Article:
This is How You Avoid Being an Annoying Backpacker

Backpacking sounds awesome, and we all want to do it at some point. Roughing it out while traveling to exotic places or destinations with virtually no human footprint.

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Then we hear these backpacker stories from locals who had to deal with their behaviour and lack of manners. We suddenly realise that while we’re romanticising their travels, some of them are actually annoying to contend with.

No, I’m not going to discourage your from backpacking through Malaysia, but at least heed my words so you can avoid getting into trouble.

Don’t haggle too much

There’s haggling, and there’s ripping off the seller. The best thing to do is shop around little boutiques and shops is to canvas for prices. Go around and get an idea of how much an item is. If you must haggle, make sure to know what the lowest price the seller is willing to sell it for first.


Remember that they need to earn a profit per item that they’re selling, so cutting down the price to 50% is unfair to the seller.  Their lowest offered price is most likely going to be the last price you’ll get. If it’s still too much for you, go to another stall or wait until closing time since prices usually drop when they’re about to pack up.

Don’t try too hard not to look like a tourist

While in most cases, not looking like a tourist may help to keep you safe, some backpackers go the extra mile with it.

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They’ll wear local garments instead of their own clothes, which may be problematic. Some garments have meanings to them, from the way it’s worn to the colours you’ve chosen. Wearing their clothes without someone to help you, and indeed, without their permission is cultural appropriation.

Some would also avoid the popular destinations, thinking that those are tourist traps. Well, there’s a reason why they’re all popular. Not visiting these because you want to be a cliche traveller completely defeats the purpose of going to abroad in the first place.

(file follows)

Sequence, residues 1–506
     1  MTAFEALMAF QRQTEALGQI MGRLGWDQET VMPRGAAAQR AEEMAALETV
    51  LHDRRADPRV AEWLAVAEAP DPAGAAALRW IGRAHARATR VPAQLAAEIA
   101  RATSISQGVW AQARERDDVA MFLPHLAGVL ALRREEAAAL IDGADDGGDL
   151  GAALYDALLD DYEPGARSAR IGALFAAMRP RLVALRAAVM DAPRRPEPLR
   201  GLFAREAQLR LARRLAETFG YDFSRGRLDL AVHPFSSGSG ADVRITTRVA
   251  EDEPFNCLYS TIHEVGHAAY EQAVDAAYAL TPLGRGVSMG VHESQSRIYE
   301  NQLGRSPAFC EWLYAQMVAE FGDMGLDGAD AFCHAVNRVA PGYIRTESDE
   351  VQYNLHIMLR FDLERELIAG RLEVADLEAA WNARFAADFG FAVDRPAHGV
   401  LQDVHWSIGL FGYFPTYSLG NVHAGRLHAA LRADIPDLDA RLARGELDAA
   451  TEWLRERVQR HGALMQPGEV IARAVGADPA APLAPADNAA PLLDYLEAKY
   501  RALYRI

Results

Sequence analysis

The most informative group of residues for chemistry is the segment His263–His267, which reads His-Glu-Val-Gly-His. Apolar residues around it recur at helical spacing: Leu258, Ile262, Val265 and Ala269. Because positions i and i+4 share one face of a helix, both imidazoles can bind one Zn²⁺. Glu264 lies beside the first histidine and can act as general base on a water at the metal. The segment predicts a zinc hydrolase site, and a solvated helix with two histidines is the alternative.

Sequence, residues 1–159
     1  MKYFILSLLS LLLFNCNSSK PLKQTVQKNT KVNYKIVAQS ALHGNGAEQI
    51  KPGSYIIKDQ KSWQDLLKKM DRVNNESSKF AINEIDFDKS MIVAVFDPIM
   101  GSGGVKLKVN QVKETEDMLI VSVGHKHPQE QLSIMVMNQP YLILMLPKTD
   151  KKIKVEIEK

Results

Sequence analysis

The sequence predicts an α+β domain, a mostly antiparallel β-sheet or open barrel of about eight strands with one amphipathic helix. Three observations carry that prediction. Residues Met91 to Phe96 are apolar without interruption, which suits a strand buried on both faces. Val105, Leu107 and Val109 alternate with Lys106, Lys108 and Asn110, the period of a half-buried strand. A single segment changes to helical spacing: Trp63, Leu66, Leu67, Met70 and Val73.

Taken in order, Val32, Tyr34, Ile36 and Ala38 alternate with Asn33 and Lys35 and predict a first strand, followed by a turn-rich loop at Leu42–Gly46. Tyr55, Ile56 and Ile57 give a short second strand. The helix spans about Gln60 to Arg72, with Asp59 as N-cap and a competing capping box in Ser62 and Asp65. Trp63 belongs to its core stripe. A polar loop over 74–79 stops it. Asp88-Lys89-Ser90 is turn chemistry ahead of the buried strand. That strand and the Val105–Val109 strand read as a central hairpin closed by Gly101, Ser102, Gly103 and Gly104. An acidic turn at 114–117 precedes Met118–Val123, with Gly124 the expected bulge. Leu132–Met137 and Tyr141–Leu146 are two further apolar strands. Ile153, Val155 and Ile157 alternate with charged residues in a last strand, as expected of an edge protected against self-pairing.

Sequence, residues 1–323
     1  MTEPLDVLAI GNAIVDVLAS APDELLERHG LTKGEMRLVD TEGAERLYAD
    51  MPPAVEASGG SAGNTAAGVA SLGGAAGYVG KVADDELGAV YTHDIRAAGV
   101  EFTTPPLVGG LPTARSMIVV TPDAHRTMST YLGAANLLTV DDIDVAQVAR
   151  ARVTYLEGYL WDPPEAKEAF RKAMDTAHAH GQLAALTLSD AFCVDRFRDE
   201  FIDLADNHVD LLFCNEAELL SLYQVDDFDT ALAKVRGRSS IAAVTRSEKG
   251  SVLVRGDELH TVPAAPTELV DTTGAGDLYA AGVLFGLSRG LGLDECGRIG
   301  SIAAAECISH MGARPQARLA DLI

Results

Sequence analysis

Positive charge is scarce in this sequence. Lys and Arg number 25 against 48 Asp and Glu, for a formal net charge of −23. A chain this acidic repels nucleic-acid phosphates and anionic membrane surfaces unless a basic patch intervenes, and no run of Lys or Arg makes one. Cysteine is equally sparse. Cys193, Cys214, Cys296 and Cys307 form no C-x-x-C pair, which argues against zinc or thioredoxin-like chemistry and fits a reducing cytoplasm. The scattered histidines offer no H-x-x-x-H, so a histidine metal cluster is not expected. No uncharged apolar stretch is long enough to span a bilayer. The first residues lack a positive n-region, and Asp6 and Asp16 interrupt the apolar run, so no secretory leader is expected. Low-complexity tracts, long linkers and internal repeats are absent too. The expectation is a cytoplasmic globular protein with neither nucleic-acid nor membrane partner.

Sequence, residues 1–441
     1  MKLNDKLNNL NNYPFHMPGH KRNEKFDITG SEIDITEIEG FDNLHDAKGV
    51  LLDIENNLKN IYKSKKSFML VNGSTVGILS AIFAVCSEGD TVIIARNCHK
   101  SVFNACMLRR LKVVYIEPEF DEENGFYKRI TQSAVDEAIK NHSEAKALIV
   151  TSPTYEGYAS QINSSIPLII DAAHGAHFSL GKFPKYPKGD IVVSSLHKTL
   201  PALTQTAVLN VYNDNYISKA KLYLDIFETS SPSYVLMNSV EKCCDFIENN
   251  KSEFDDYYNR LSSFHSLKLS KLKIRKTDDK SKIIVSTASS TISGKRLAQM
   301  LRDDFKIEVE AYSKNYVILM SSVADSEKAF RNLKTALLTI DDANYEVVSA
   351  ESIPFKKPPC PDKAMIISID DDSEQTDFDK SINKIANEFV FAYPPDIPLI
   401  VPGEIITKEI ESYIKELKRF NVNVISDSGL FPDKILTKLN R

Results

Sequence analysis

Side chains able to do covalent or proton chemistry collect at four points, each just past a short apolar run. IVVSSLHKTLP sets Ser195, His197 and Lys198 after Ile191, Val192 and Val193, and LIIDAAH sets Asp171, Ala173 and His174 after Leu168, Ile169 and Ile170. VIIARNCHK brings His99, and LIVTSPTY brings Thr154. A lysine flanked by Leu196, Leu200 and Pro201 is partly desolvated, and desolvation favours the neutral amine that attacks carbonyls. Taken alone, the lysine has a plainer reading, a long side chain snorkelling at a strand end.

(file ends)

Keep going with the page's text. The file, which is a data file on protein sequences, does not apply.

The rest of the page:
Don’t forget your manners

Worryingly, a lot of backpackers think that being a foreigner excuses them from some of the customs in a country. Remember that proper behaviour is free, and a displeasing attitude may cost you dearly.


Before leaving, make sure you’ve researched your destination. Find out what you’re not allowed to wear, practice, and even mention.

While you’re studying, try to learn some of the local phrases for “please”, “thank you”, and other greetings.

Don’t be loud picky eaters

If you’ve got allergies, avoid the food that’ll kill you. If you have strict dietary needs, then order only what you can eat.


However, if you keep going on and on about gluten or dairy and why people shouldn’t eat it, then you’re going to antagonise a lot of people. The best option is to keep mum about your diet if it isn’t a life or death thing.

Don’t be too isolated in the hostel but not too comfortable

Make friends. Most of you in your Johor Bahru accommodation are backpackers, too. Exchange some stories with them, recommend places, and ask for advice.

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What you don’t want to do is be too comfortable. By that I mean asking them to use their towels, hanging your clothes by their bedside, and so on. Just like how you want your parents to give you space, do the same thing for strangers you’ve just made friends with.

Don’t be a parody of a backpacker by falling into the traps of what makes one annoying to deal with. Keep these things in mind to make it a fun experience for you and the locals who want to entertain you.